In what is increasingly called a post-fact, post-truth, post-reason political environment, the Church can no less be immune to the cultural battles that seem no less reducible or illuminating at times than the taunts of a playground fight. That might well be a harsh judgement – but one which I am happy to defend. Sex is the Church of England’s Brexit moment: a take-it or leave-it argument, and one for which, on either side, there are significant dangers and potentially unintended consequences.
The danger isn’t that we embark on a zero-sum, no-win argument that fractures the Church: it is that we engage in a damaging no-sum, zero-win debate in which all are hurt and damaged. There is a real danger of a scorched-earth outcome. This is the age of theology by megaphone, and that simply will not do.
The Church’s treatment of non-heterosexual Christians is little less than shocking. That should, I believe, be rightly called out, denounced, and condemned: eirenic statements are simply not good enough. But a debate characterized as being between Bible fundamentalists and revisionist Gnostic relativists also falls short of where we ought to be. There are serious theological considerations to a debate which ought to be about justice; but which skirt important doctrinal themes because in previous debates they have been ducked and avoided.
Calling all conservative Christians “homophobes” is as insidious as calling all Brexit leavers “racists”. I don’t deny that there are homophobes in the Church – of course there are – but tarring everyone with the same brush isn’t just disingenuous; it fails to flush out what the real arguments are. Equally calling all non-heterosexual people “abominations” isn’t where the vast majority of people are today.
We might like a bit of gladiatorial conflict, but it is very wearing. Trying to seek out what is God’s purpose, prayerfully and deeply discerning what we are called to do, can’t be packaged as an ecclesiastical version of The X Factor. This should rightly be a grounded, robust, and passionate conversation, debate, and journey. But it must not be reduced to vacuity.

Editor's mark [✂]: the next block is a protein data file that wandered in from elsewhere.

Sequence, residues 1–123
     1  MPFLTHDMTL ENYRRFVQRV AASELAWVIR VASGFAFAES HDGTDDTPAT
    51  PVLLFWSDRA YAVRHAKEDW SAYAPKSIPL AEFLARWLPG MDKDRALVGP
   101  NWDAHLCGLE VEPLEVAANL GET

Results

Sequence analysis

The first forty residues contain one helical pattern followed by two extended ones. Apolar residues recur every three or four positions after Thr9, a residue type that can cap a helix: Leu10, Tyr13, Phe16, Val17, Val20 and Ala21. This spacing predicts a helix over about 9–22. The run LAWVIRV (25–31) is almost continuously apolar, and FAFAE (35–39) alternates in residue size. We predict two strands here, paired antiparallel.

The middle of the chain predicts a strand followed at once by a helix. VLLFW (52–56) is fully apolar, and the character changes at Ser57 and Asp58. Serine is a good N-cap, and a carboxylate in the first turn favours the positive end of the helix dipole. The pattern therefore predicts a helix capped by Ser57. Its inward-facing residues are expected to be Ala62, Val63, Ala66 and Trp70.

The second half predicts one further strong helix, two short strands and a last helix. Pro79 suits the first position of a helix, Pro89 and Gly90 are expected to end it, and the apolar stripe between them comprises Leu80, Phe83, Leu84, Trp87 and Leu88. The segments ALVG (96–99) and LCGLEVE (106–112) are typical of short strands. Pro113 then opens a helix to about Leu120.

What we’re watching is an action replay of a previous car crash. The issue at hand is different, but the hermeneutic and pathology is almost identical. The question that faces us is this: are we willing to live with this for thirty years, with the attendant realities for mission, for the implosion of a section of the Church, and for the contingent consequences as yet unknown?
Or might we be able to do something far more grown up, get our story together, and provide credible witness-statements which, rather than doing damage to each other, bring us together in a narrative that propels us beyond the present? We are, after all, sinners redeemed by the love of God in Jesus Christ. Jesus didn’t shy away from difficulties, or from debate. He did, though, say that it is better to acknowledge that we’re all sinners and to put our stones down before we start shouting at each other.
Only time will tell what comes next. Time, that is, and the House of Bishops. Only those involved have the ability to make a difference; so let’s drop the slogans, stop shouting, and keep talking.